Aston chief engineer departs for McLaren

Chassis guru Matt Becker joins the executive exodus; Special Operations head David King is also departing

By Mike Duff / Friday, August 27, 2021 / Loading comments

While PH tends to treat cars as heroes more often than people, we make an exception for Matt Becker. A hugely experienced engineer and a thoroughly nice bloke, Becker is talented at both explaining the principles of vehicle dynamics, and also demonstrating them through his masterful car control. So news that he is leaving his role at Aston Martin to take up a new position at McLaren constitutes big news in our corner of the world.

He’s not going alone. PH has also learned that David King, head of Aston’s Special Vehicle Operations team, is also set to leave the company he has spent 26 years working for, reportedly to join American EV maker Fisker Inc. With Aston design director Miles Nurnberger having departed in June for a new gig heading up styling for both Dacia and Lada – his replacement not yet announced -CEO Tobias Moers now has three enormously significant roles to fill.

While not entirely surprising, Becker’s departure is a definite blow for the British sportscar maker. The softly spoken engineer is pretty much handling aristocracy, the son of Lotus’s long-serving head of chassis development, Roger Becker. Becker junior joined the Norfolk company as a 16-year-old engineering apprentice, starting work on the same day as Gavan Kershaw, now Lotus’s Director of Attributes.

Becker worked for Lotus for 26 years, rising to be Chief Test and Development engineer, but he was persuaded to move to Aston in 2015 to work on the company’s radical product overhaul. In addition to new versions of its three sports cars, Aston was also committed to creating its first ever SUV – with plans for the mid-engined Valkyrie and Valhalla later added to the programme. Development work on the DB11 was well advanced by the time Becker arrived, and his influence on the driving manners of the new car were limited. (The later, better V8 and AMR versions bore far more evidence of his involvement.) But the current Vantage and DBS Superleggera were developed under his watch, both being standouts for front-engined handling.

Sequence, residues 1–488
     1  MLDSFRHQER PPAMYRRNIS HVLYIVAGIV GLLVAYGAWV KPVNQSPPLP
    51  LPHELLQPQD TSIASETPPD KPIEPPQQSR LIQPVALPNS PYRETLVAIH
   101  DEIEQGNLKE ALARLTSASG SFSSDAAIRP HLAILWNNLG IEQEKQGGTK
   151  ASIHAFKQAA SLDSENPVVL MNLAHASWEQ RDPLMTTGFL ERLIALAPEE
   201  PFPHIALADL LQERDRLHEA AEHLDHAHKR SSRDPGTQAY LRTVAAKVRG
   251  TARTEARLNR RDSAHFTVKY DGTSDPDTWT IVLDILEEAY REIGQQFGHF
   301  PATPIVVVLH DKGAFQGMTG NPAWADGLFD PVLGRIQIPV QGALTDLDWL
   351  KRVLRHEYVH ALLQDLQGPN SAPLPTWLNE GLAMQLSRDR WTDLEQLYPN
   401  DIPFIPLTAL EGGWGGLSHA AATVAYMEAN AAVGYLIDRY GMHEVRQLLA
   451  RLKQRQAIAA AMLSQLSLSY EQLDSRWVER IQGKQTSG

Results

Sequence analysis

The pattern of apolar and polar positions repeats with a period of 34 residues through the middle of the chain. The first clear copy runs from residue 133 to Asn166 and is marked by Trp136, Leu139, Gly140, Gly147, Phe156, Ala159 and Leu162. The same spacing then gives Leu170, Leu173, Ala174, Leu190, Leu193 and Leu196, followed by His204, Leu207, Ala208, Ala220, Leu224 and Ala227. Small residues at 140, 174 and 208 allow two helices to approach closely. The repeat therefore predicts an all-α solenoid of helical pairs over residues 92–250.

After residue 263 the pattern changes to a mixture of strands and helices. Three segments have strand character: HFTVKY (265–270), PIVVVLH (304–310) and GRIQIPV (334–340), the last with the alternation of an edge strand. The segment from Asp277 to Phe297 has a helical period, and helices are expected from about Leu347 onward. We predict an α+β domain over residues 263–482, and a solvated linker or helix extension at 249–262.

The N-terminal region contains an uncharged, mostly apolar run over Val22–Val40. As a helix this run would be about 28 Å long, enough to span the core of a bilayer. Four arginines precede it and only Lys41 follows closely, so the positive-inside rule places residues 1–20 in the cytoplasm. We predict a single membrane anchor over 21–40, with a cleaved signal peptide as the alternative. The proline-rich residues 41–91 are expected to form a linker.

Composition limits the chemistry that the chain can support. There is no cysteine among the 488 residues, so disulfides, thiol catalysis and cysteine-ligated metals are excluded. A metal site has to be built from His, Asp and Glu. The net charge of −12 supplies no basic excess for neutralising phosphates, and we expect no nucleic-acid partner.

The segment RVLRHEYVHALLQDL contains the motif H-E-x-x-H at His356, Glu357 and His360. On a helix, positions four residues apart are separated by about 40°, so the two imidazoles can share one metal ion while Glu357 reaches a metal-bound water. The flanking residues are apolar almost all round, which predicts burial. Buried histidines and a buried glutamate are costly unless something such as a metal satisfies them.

Yet despite having those on his CV, Becker reckoned the DBX was both a bigger challenge and a more rewarding one. “It’s easy to make a sports car handle like a sports car if you know what you’re doing,” he told PH back in 2019, “it’s much harder to make something with the active systems of [the DBX] play nice and work together.”

The fact that even the DBX’s detractors admit it is a dynamic benchmark for its segment is a serious achievement; we know that Becker’s team has already done a substantial amount of work on a faster AMR version reckoned to be capable of taking the Nurburgring Nordschliefe SUV lap record.

There probably won’t be any SUVs in Becker’s new role. Neither Aston or McLaren has made any official statement on his move yet, but he will be starting in Woking next year after a period of gardening leave. We don’t know exactly what his new role will be, but anticipate it will involve spreading pretty much the same chassis magic he has wrought for his previous employers.

David King’s loss will also be a blow to Aston, after a far longer association with the company. He joined as long ago as 1995 and worked extensively on both road car and racing activities, including the successful GT3 and Le Mans programmes. In recent years he headed up Special Vehicle Operations in Wellesbourne, managing the team responsible for such exotic creations as the Vulcan, Vantage GT8 and GT12 and the newly launched V12 Speedster.

One thing seems certain: Tobias Moers is going to be spending lots of time looking at CVs and sitting in interviews over the next few months.


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